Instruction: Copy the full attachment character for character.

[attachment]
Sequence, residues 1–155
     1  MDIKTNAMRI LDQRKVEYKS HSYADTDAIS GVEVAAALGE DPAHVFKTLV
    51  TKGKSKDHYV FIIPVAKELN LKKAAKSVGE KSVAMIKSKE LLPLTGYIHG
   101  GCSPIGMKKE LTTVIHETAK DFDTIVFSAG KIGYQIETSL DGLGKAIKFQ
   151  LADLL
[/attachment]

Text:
Sequence, residues 1–155
     1  MDIKTNAMRI LDQRKVEYKS HSYADTDAIS GVEVAAALGE DPAHVFKTLV
    51  TKGKSKDHYV FIIPVAKELN LKKAAKSVGE KSVAMIKSKE LLPLTGYIHG
   101  GCSPIGMKKE LTTVIHETAK DFDTIVFSAG KIGYQIETSL DGLGKAIKFQ
   151  LADLL